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Prosecutors Net Leopard-Shark Smugglers

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Prosecutors Net Leopard-Shark Smugglers


Prosecutors Net Leopard-Shark Smugglers

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  • <iframe src="" width="100%" height="290" frameborder="0" scrolling="no" title="NPR embedded audio player">
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Federal officials have broken up a major wildlife smuggling ring in California that pulled thousands of baby leopard sharks out of the San Francisco Bay. The live sharks were then sold to pet stores and private buyers all over the world. The leader of this smuggling ring was also the pastor at a church in the Bay Area. Federal investigators say he often sent members of his own congregation out to catch the sharks.

NPR's John Nielsen has more.

JOHN NIELSEN: A few years ago, a preacher named Kevin Thompson devoted his weekly sermon at the so-called Ocean Church in San Leandro, California, to an unusual topic: pet sharks.

Mr. KEVIN THOMPSON (Pastor, Ocean Church): For the past 13 years, Ocean Church has had this little shark business. We catch these baby sharks, about this big, and we sell them to pet stores live.

NIELSEN: Pastor Thompson's products were baby leopard sharks fresh from San Francisco Bay. Customers paid up to $40 for each of the one to two-foot sharks. Fish collectors around the world loved them for their big dark spots and the elegant way they move through the water. There was just one problem with this business: it's illegal. Earlier this year, Thompson and five other men plead guilty to wildlife smuggling and Thompson was sentenced to a year in jail. The recording of his sermon was obtained by the East Bay Express, a free weekly based in Oakland.

Federal officials say Thompson ran a poaching gang that may have removed 10,000 baby leopard sharks from San Francisco Bay. Lisa Nichols, a smuggling expert with the U.S. Fish and Wildlife Service, talked about how it was done yesterday at a press conference at the Monterey Bay Aquarium in California.

Nichols says the poachers caught hundreds of sharks a day during the breeding season. And for years, they got away with it.

Ms. LISA NICHOLS (U.S. Fish and Wildlife Service): The majority of them would just fish, hook them, bring them in. If you're out there in dark and nobody checks you, you take it back to your truck, you're gone. If somebody shows up, they get dumped in the water and the evidence is gone.

NIELSEN: The ring began to fall apart in 2003, when a smuggling expert with the National Oceanic and Atmospheric Administration saw a baby leopard shark for sale on a Web site and started asking questions. The investigation led him to the Ocean Church and Pastor Thompson and his partners, some of whom also happened to be his parishioners.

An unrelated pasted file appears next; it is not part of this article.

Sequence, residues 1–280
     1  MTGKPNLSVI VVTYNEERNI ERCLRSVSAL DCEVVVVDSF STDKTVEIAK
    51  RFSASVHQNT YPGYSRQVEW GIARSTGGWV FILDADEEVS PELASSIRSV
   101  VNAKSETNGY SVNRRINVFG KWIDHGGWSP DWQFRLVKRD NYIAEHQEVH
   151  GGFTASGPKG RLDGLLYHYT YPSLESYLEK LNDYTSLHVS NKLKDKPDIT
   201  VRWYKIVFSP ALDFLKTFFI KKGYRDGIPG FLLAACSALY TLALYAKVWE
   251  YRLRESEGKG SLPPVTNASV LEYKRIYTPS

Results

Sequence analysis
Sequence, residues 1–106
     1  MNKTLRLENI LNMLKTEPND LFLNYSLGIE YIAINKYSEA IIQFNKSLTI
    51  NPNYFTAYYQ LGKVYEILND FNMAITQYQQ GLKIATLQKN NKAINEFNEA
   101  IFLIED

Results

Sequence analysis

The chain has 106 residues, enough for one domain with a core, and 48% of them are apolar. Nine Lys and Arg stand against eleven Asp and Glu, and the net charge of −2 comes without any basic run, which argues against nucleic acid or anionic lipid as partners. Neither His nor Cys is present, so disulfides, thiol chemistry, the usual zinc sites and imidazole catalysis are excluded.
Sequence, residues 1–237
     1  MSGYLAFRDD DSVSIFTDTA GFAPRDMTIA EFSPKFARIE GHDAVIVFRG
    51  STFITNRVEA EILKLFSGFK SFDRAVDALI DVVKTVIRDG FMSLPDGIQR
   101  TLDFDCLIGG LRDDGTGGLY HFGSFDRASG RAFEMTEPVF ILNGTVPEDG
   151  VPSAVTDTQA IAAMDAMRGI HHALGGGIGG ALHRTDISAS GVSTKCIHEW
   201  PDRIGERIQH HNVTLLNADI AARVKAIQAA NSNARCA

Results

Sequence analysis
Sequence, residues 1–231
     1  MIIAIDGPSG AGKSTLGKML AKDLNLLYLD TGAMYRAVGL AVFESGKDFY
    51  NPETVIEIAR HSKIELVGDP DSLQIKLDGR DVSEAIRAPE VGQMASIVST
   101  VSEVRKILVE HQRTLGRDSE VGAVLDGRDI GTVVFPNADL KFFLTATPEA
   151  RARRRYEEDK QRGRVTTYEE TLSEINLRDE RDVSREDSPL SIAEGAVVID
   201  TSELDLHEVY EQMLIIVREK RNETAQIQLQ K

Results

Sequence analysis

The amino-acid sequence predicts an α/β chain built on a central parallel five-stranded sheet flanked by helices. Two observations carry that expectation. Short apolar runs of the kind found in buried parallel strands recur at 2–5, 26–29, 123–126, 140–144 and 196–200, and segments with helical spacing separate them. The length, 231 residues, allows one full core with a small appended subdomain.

Yesterday, Nichols and other officials closed the book on this investigation by unveiling a $1.5 million plan to restore some of the marshes where the leopard sharks give birth. More than $400,000 of these dollars will come from Thompson and his partners as part of their sentence. Five hundred thousand dollars more will be donated by the Unification Church of America, to which the Ocean Church belongs. The rest of the money will come from foundations and conservation groups.

Lisa Nichols says this prosecution has helped drive other leopard shark poachers out of business.

Ms. NICHOLS: Once we started openly prosecuting people in this case after the investigation was at a certain level, the word spread pretty quickly in the industry. And working undercover, I tried to make attempts to buy in the last year and, you know, it's pretty much shut down.

NIELSEN: Towards the end, according to investigators, some of these poachers ask their preacher whether they were doing the right thing. Thompson's response, allegedly, was that the poaching was God's will. After the press conference, Mike Murray, staff veterinarian at the Monterey Bay Aquarium, said there were a lot of good reasons why the trade in baby leopard sharks should never be allowed to recover. One was that these baby sharks don't stay that way for long.

Dr. MIKE MURRAY (Staff Veterinarian, Monterey Bay Aquarium): They become very large. You know, six, seven, eight feet in length. That's a big fish.

NIELSEN: Too big, he says, for the fish tank in your living room.

John Nielsen, NPR News, Washington.

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